Overnight leader Neuville won three of Friday’s six special stages, while Ogier struggled early on before pegging Neuville back by winning the last two. Ott Tanak of Estonia is third.

Four-time champion Ogier is now driving for Ford M-Sport after switching from Volkswagen last month. The Frenchman was eight seconds behind Neuville’s Hyundai overnight and quickly under pressure.

Tanak, who also drives for M-Sport, won Friday’s first special stage – the third of 17 overall – ahead of Neuville, with Ogier in ninth.

Difficult morning conditions saw snow and sheet ice on the roads. With all the top drivers fitting studded winter tires, Ogier still went off into a ditch.

“It happened at a junction, it was very, very icy. I pulled the handbrake but the car never turned,” Ogier said. “I slipped into the ditch and became stuck.”

Neuville won the next three specials – with Ogier second on 4 and 5 – but Ogier finally found his best form to trim back the deficit from 1:12 to 45 seconds. He also overtook Tanak, who is a fraction of a second behind Ogier.

Conditions were slushy in the afternoon as the icy roads began melting.

“For me this was more tricky than this morning and difficult to know what rhythm to go,” Neuville said.

A spectator was killed on Thursday night after being hit by a car during the first stage.

Organizers said the spectator was struck by a car driven by New Zealand driver Hayden Paddon during the first of two night stages.

That stage was canceled but the second went ahead, with Neuville beating Ogier.

There are six specials Saturday with the race concluding Sunday lunchtime.

Last year, Ogier won by nearly two minutes ahead of then-teammate Andreas Mikkelsen of Norway.

Ogier announced last month that he was going to drive the Ford Fiesta for M-Sport this season. A fifth title would move him into outright second place on the all-time list behind countryman Sebastien Loeb, who won nine straight titles.

The 33-year-old Ogier, who has won 38 career races, is tied with Finnish drivers Tommi Makinen – who won four straight – and Juha Kankkunen.

The next event in the 13-race season is in Sweden in three weeks.

BRDC: Reports Silverstone will definitely drop British GP ‘speculative and wrong’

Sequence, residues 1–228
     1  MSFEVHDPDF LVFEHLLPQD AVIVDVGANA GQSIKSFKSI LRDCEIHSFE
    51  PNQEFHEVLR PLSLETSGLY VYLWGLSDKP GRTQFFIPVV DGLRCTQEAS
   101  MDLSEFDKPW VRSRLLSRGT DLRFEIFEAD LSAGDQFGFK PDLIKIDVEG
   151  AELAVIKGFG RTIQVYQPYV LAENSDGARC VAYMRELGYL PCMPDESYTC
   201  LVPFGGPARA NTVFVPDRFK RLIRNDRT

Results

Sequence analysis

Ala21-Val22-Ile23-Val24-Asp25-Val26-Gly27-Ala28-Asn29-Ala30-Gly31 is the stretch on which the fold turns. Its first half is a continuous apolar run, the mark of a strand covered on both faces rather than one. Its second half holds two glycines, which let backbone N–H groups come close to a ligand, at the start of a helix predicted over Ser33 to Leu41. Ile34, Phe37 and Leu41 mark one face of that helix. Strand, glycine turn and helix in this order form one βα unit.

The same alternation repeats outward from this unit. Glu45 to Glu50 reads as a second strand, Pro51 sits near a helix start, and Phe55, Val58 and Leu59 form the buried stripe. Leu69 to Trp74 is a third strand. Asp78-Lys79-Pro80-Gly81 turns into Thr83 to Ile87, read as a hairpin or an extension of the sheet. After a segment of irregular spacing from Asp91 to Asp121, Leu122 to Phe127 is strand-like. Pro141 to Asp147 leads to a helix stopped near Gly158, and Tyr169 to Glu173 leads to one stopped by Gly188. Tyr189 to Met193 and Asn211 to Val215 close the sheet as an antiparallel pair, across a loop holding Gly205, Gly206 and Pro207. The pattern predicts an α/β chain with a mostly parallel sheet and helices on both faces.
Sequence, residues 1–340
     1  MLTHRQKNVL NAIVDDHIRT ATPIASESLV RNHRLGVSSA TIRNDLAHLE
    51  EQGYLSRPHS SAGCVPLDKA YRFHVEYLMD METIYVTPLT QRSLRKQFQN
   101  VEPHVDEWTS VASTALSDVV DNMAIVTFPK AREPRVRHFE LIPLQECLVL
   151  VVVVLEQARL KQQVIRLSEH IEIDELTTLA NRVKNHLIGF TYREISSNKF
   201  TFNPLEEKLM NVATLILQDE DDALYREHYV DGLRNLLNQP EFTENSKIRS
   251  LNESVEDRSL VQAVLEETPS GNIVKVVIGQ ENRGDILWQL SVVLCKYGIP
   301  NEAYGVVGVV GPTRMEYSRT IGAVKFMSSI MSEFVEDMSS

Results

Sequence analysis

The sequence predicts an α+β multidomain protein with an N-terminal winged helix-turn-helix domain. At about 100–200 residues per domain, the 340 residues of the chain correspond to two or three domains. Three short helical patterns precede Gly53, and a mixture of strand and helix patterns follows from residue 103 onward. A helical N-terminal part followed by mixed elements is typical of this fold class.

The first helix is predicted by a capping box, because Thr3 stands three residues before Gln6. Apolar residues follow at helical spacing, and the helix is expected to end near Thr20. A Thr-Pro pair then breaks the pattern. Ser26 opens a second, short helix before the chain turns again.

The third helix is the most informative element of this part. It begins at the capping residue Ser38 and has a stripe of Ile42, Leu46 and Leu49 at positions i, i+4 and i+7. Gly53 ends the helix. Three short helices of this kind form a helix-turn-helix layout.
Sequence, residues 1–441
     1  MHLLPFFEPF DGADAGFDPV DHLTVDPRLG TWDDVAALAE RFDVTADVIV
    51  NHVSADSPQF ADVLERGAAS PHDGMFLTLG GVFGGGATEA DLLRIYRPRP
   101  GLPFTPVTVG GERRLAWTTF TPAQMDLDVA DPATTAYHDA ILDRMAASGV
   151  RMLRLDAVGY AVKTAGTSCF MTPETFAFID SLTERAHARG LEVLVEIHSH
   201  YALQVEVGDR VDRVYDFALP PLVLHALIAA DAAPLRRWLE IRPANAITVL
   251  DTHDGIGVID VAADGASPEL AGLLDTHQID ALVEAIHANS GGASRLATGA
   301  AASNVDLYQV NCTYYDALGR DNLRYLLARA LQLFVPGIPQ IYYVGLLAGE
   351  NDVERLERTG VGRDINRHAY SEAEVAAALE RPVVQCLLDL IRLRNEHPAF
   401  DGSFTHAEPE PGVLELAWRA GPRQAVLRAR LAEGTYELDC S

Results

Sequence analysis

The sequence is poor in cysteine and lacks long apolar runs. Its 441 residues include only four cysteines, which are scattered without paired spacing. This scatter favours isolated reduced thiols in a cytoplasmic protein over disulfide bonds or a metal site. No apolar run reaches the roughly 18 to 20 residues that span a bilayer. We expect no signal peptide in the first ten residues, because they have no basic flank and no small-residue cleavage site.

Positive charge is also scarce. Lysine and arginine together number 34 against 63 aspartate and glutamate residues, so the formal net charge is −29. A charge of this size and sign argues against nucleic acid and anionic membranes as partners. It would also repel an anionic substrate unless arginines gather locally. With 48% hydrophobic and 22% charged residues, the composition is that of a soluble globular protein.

NORTHAMPTON, ENGLAND - JULY 10:  The grid at the start of the race during the Formula One Grand Prix of Great Britain at Silverstone on July 10, 2016 in Northampton, England.  (Photo by Charles Coates/Getty Images)
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The British Racing Drivers Club has issued a statement dismissing suggestions that Silverstone will definitely drop its Formula 1 race following the 2019 season.

Doubt was cast over the future of the British Grand Prix at Silverstone following a leaked letter from BRDC chairman John Grant, in which he admitted to concerns about the cost of hosting the race.

Grant admitted that BRDC officials were considering triggering a clause in Silverstone’s F1 contract that would allow it to end its commitment after 2019 due to “ruinous” costs.

In a statement issued on Friday, the BRDC stressed that no final decision had been made and that suggestions a final decision to drop the race had already been made were incorrect.

“The British Racing Drivers Club wishes to make clear that recent press reports suggesting that talks have been unsuccessful and that the British Grand Prix will definitely be dropped after 2019 are speculative and wrong,” the statement reads.

“Our objective is to preserve the British Grand Prix at Silverstone for many years to come but, of course, we can only do this if it makes economic sense,” Grant added.

“As I have said before, we will be considering over the next six months if we should give notice of our intention to exercise the break clause in our grand prix contract at the end of 2019. No decision has been made, or will be made, until mid-July.

“In the meantime, we will be using this period to explore all interested parties, hopefully in private, various ways in which we might work out a more sustainable proposition.”